REVIEW: We Demand: The Suffrage Road Trip
Author: Anne B. Gass
Illustrations by Emma Leavitt
Publisher: Maine Authors Publishing
ISBN: 978-1-63381-259-8The names Ingeborg Kinstedt and Maria Kindberg probably don’t ring a bell unless you are acquainted with the woman’s suffrage movement. Yet, these two middle-aged Swedish immigrants, who settled in Rhode Island, played a meaningful role in the early part of the twentieth century in the movement.
Based on a true story, Anne B. Gass in We Demand: The Suffrage Road Trip crafts a fictional reconstruction of a bold 3000-mile cross-country auto trip from San Francisco to Washington, D.C. in 1915 involving Ingeborg and Maria.
The two, along with Sara Bard Field and socialite Frances Joliffe were to amass and deliver thousands of signatures on a petition to Congress and President Wilson, demanding women’s right to vote.
Field and Joliffe represented the Congressional Union for Woman Suffrage (CU), an organization set up by Alice Paul and Lucy Burns in the United States in 1913 to fight for a constitutional amendment guaranteeing women’s suffrage. Because of ill health, Joliffe had dropped out before the trip was ongoing.
The narrative unfolds in late September 1915, where we first encounter Ingeborg and Maria. Their initial plan was to explore the USA on their own, and they never imagined they would become involved in such an important event.
After decades of hard toil, the two had traveled by steamship to San Francisco to attend the Panama-Pacific International Exposition. It is here where they meet someone belonging to the Congressional Union, who briefs them that the CU. had prepared to launch a trip in a few weeks, sending one hundred cars to Washington, D.C packed with suffrage supporters. Their mission is to drive across the USA with petitions urging Congress pass the federal suffrage amendment. Unfortunately, there were no volunteers.
Upon learning of their predicament, Ingeborg blurts out, without consulting Maria, that she and Maria will undertake it. She mentions to the woman they are purchasing a Convertible Overland Six automobile in San Francisco to travel back to their home in Providence, Rhode Island, which is not very far from Washington, D.C. She further tells her there is ample place for the petitions.
When Alice Paul gets wind of their offer, she agrees to have the two Swedes drive with the petitions and explains to them they will pay for the automobile and their expenses. The CU will compensate them for food and lodging for the two envoys that will tag along. The envoys turn out to be Sara Bard Field and Frances Joliffe, and as pointed out previously, the latter slipped out early in the adventure. Ingeborg and Maria were not totally thrilled when Alice tells them about the two representatives and reluctantly accept the two riders.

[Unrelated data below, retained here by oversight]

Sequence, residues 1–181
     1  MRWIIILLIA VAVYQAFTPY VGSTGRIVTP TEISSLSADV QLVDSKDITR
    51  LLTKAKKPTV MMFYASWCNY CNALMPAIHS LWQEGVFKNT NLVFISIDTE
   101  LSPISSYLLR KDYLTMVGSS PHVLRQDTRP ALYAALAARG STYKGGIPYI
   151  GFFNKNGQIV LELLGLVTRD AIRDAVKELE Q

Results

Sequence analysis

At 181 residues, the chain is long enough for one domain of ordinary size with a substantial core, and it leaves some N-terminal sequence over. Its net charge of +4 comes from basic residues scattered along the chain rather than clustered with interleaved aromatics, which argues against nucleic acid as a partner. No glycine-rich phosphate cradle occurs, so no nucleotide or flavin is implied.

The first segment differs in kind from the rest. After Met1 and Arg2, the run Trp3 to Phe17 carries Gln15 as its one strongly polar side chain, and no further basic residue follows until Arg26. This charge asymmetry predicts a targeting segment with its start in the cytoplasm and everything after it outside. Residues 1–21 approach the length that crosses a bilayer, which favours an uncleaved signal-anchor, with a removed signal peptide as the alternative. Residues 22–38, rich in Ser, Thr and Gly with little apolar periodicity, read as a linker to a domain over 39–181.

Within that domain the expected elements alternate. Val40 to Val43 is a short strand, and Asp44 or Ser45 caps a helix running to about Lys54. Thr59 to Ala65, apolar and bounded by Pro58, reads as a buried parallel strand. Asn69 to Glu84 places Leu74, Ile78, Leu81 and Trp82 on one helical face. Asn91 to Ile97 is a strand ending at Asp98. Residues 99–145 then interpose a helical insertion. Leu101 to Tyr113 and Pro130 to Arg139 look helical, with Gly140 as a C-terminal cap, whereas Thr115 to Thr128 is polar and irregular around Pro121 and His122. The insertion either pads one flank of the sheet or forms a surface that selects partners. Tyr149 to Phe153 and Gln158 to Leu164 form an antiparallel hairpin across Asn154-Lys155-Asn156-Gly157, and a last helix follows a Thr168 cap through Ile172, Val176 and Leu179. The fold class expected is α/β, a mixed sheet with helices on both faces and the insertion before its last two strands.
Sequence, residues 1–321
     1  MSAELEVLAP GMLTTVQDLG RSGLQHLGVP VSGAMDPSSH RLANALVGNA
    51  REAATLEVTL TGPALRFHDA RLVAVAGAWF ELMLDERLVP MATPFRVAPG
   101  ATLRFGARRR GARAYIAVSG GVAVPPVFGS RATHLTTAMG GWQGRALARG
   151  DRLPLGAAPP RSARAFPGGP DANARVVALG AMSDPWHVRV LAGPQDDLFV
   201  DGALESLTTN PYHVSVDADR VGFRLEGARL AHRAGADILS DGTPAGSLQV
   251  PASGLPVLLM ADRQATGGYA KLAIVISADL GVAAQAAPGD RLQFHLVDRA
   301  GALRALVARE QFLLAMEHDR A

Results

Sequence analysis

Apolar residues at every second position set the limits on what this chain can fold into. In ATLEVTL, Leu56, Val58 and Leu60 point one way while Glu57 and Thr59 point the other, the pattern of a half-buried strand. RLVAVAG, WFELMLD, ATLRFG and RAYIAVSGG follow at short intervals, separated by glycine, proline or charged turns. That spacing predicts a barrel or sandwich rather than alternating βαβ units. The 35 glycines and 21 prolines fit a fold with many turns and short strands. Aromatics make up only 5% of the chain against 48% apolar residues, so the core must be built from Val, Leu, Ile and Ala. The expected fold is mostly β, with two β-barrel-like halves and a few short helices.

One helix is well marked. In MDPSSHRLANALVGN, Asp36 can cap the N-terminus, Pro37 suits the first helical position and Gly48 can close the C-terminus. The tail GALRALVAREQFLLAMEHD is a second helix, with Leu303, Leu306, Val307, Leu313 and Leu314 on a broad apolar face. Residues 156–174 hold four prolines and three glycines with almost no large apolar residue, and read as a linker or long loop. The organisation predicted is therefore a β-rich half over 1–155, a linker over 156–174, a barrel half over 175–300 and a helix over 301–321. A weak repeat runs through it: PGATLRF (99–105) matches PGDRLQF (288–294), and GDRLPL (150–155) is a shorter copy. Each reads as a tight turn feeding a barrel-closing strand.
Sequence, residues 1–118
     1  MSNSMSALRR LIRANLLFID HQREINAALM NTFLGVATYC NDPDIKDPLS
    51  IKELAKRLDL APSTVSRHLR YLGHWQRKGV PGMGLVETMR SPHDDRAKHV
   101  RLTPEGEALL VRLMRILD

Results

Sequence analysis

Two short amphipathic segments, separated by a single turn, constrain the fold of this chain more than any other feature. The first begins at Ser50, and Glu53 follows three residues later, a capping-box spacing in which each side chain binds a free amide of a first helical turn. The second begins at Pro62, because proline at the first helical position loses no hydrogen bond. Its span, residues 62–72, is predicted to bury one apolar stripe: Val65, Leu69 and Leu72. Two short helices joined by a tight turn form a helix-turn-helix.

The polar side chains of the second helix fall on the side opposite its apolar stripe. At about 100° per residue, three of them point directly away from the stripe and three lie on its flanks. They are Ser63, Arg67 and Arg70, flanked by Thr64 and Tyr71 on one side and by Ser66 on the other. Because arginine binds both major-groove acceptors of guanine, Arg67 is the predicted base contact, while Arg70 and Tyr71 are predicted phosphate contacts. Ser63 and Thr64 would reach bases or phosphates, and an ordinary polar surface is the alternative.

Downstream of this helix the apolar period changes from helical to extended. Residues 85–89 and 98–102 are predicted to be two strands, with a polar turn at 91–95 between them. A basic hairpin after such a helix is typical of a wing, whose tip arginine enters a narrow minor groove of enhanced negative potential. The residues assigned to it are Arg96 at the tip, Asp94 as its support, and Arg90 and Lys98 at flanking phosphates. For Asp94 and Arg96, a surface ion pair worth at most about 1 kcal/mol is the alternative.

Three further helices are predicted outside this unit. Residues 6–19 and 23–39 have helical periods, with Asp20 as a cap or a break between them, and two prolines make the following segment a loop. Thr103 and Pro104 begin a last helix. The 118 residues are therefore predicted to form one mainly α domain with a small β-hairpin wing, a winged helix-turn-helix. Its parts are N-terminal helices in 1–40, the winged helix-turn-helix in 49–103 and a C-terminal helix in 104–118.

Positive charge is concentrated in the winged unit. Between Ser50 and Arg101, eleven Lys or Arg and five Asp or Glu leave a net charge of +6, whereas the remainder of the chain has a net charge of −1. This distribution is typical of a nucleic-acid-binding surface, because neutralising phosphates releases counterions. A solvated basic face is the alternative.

At the commencement of the trip, a chauffeur drives the three women to Salt Lake City, who, incidentally, gets lost on the path to their destination. This doesn’t sit very well with Ingeborg, who fires the driver. Maria takes over the driving, and Ingeborg, who knows the workings of a car, attends to the maintenance of the Overland Six. Sara becomes the spokesperson for the CU, who will be engaged with public relations while meeting with dignitaries, socialites, and politicians along the way.
You can well imagine the harrowing adventures these women would experience, which Gass describes in detail in the narrative, as they make their way across the country through inclement weather, poorly signed mud roads, and where getting lost or stuck was part of the fun.
And as one Congressman succinctly summed it up, “I know those roads.... some would be better done on horseback than in an automobile. Many a man has rued the day he attempted them.”
Several times Ingeborg questions her judgment to having agreed to take part in the voyage. As she mentions, if only they had pinned Alice Paul down on the details: who would speak, the distances, and the road conditions? Then there was the matter of being shunned by some of the CU women because they were immigrants. And to add insult to injury, even the media ignored them as if they were ghosts. Likewise, there was the outright bigotry and racism, which she came across which was not considered before embarking on the trip.
This extensively researched work is more than a record of a journey of two feisty Swedish women, which is truly remarkable. Gass skillfully interweaves the individual histories of these women with interesting contextual information regarding the social and political atmosphere that existed at the time. In addition, her appreciation for the prowess of her principal characters radiates throughout the story. She brings the cross-country road trip to convincing life through carefully wrought, affecting characterizations and accurately rendering details of place and time. A bonus for readers interested in exploring more of the women’s suffrage movement is the selected reading at the end of the book.
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